ignited by the death of Mahsa Amini in police custody shows no signs of cooling off. Protests are still raging across the country one week after
Amini's death. An Iranian media reports at least 17 people have died in the unrest as the government responds with a harsh crackdown and Internet
blackouts. Meanwhile, Amini's family is accusing authorities of lying about how she died.
CNN's Jomana Karadsheh is following the story for us from Istanbul, Turkey.
Jomana, we're seeing these images, acts of defiance. At the same time government is saying they're going to be cracking down. And importantly,
lines of communication means that, you know, are starting to slow as well with regards to the crackdown on access to internet. Could you give me a
sense of how the situation is unfolding?
JOMANA KARADSHEH, CNN CORRESPONDENT: You know, Eleni, it's very difficult for us to get a real sense of what is going on on the ground in Iran. What
is happening in real time as you mentioned because of the disruptions to the internet. Disruptions not seen on this level in the country since the
2019 protest. You've got social media platforms being blocked by the government.
And that is what protesters, activists on the ground used to send out those videos and information to the world.
So there is a lot of concern that after we've seen the government perhaps, allowing these protests to go on for the past few days, people to blow off
steam, perhaps in recognition of the widespread anger over the death of Mahsa Amini. Now the government seems to be drawing a line. You know, Iran
observers who watched the country for a very long time are watching what is going on right now.
And they are very concerned about what might be going on as much of the country has gone dark. We have seen the beginnings of this crackdown.
They're worried that we're seeing signs of that crackdown intensifying right now. You had Friday prayers in the country today and the Friday
sermons. You had calls for the government and the security services to take decisive action. We have seen protests taking place, these organized
marches with pro-government crowds in their masses being mobilized on the streets.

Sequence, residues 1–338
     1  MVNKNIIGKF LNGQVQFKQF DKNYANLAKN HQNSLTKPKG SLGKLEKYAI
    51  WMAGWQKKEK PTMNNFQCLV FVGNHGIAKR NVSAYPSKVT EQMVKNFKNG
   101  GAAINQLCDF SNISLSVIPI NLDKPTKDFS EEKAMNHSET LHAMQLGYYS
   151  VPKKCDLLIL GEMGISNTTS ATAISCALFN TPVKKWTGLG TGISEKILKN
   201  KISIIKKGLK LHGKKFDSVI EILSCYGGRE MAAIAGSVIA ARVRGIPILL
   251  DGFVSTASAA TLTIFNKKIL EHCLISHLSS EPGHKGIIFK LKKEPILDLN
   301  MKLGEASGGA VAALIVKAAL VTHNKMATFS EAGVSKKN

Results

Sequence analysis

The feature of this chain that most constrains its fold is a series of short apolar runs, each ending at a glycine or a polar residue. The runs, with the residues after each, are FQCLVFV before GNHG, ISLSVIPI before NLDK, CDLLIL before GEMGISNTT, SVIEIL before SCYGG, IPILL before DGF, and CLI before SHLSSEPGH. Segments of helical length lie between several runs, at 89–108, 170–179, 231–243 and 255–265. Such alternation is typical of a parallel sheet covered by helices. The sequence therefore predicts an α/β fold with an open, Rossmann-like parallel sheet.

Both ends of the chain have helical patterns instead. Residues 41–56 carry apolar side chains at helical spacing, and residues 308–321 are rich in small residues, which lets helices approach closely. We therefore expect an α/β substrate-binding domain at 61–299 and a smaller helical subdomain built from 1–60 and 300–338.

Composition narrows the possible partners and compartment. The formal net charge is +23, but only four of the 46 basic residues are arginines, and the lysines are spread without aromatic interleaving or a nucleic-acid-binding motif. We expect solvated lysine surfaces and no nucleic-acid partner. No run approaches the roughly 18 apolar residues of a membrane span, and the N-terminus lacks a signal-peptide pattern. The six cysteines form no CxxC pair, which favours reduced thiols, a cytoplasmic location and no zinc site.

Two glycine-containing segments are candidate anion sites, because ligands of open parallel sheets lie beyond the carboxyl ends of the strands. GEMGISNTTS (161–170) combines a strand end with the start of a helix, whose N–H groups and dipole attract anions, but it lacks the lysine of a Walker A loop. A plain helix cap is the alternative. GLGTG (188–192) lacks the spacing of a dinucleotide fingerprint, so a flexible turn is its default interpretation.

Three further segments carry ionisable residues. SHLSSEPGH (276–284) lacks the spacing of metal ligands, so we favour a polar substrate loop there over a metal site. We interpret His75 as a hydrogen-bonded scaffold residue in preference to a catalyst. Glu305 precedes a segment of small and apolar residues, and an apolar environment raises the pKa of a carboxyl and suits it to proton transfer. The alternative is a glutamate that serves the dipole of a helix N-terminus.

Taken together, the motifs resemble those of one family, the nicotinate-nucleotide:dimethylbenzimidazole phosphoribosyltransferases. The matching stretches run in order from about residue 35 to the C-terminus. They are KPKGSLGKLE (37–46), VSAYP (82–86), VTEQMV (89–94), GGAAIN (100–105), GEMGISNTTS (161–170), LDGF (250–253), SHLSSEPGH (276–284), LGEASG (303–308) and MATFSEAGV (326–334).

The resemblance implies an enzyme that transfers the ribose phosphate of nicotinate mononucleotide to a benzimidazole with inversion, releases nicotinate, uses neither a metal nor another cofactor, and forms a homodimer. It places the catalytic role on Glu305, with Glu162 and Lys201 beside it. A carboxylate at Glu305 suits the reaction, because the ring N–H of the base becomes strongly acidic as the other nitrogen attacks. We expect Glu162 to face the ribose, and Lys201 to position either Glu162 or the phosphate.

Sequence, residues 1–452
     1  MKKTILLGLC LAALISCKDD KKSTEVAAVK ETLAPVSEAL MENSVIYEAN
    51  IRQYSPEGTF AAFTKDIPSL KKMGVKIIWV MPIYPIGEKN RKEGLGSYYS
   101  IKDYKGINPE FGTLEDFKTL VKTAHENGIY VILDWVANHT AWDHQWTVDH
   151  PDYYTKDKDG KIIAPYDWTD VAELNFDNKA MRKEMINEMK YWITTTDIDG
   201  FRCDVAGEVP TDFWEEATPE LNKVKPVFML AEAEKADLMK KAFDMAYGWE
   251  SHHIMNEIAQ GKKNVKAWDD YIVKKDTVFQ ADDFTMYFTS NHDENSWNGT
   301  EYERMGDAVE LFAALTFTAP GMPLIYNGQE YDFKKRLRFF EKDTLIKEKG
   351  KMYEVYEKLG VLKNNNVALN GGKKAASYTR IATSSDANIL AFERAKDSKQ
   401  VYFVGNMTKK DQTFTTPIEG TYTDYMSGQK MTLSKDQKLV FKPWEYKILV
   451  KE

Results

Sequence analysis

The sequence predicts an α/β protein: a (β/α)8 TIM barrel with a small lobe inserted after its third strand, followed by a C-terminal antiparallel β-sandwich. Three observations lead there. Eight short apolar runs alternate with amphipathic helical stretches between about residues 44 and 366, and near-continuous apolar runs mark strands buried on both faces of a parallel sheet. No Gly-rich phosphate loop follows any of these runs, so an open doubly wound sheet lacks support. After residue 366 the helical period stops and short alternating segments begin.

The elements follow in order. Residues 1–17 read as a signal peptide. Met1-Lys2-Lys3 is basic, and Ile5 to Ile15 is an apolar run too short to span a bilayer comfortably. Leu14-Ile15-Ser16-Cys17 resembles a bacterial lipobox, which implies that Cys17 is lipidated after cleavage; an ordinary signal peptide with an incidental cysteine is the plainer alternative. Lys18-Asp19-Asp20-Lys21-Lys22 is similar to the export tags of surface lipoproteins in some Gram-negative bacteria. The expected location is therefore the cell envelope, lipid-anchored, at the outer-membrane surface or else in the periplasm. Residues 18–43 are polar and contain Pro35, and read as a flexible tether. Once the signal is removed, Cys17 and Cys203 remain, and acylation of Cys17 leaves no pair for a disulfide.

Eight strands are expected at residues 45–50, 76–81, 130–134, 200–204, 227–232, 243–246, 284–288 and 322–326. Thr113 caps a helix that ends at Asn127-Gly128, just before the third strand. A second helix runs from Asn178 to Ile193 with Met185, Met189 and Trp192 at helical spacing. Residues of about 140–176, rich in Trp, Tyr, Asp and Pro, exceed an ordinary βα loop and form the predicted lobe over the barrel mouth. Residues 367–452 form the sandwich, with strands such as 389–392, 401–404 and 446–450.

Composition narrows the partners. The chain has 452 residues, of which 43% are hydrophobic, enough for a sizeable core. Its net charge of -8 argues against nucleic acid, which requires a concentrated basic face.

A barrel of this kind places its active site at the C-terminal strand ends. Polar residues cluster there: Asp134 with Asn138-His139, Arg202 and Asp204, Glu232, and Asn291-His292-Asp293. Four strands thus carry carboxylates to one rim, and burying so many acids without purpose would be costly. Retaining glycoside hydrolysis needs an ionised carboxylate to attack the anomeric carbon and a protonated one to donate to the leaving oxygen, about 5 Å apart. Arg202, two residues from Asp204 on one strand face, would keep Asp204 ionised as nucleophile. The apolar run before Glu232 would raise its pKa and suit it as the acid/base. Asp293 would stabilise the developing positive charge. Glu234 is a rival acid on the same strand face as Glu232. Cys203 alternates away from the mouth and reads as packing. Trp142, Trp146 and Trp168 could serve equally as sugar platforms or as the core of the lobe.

In contrast to those protests we've seen over the past few days, those leaderless demonstrations, you had very organized marches today by those
pro-government supporters. People out on the street. And perhaps now the feeling is, you know, when you hear the words that are being used, the sort
of rhetoric coming from the authorities, describing the protesters as rioters, describing them as foreign agents, and what is going on as a
conspiracy as you mentioned.
That army statement today, a lot of ominous warnings coming and a lot of people concerned that we might potentially be seeing the army and the
Revolutionary Guard for the IRGC getting deployed to suppress this protest. If they haven't already so, you know, a lot of that hope over the past few
days from people, Iranians outside the country, watching what is going on. Hoping that this is going to be a turning point, that this is going to be
something the country hadn't seen before. Now there is a lot of worry about what might becoming -- Eleni.
GIOKOS: Yes, Jomana, thank you so very much for sharing those details with us.
Moving on now a crackdown on corruption in China snares two high-level officials. Coming up we'll look at how that plays into the president's
efforts to keep his job. And Hong Kong reopens the door to international visitors. One big restriction is dropped, but a bunch more are still in
place. Details ahead.
GIOKOS: Two Chinese officials who were supposed to be looking out for corruption have themselves been convicted of corruption.
This man Fu Zhenghua was China's justice minister but will now spend the rest of his life in prison for accepting bribes. Sun Lijun was China's
deputy public security minister. Prosecutors say he had been taking bribes for 20 years. All this coming ahead of the Chinese Communist Party's twice
a decade gathering during which President Xi Jinping is expected to run for an unprecedented third term.
Will Ripley joins us now live with a closer look at the developments.
Will, a crackdown on corruption ahead of an important meeting. Unprecedented third term, all of these elements interconnected.
WILL RIPLEY, CNN SENIOR INTERNATIONAL CORRESPONDENT: Well, critics might say that it is a selective crackdown on corruption. Given that a lot of
these people who are now either going to be in prison for a very long time or the rest of their lives were considered to be potential political rivals
of the Chinese leader Xi Jinping. You talk about Sun Lijun. You know, he is the former deputy public security minister, and yes, he was investigated
and found guilty of accepting some $90 million U.S. in bribes over 19 years.
But, and this might be key here, he was also accused of leading a political click and having basically over inflated political ambitions. You know,
basically some of the, you know, charges read against him were that his, you know, this political click was undermining the stability of the
communist party. Now in a democracy, people form groups all the time but that's not how it works in China.
And China, it is Xi Jinping at the very top. And if people don't fall in line, well, some critics say can that it could end up like it did for Sun
Lijun. He's just 53 years old but he's going to spend the rest of his life in prison without the possibility of parole. And other members of this so-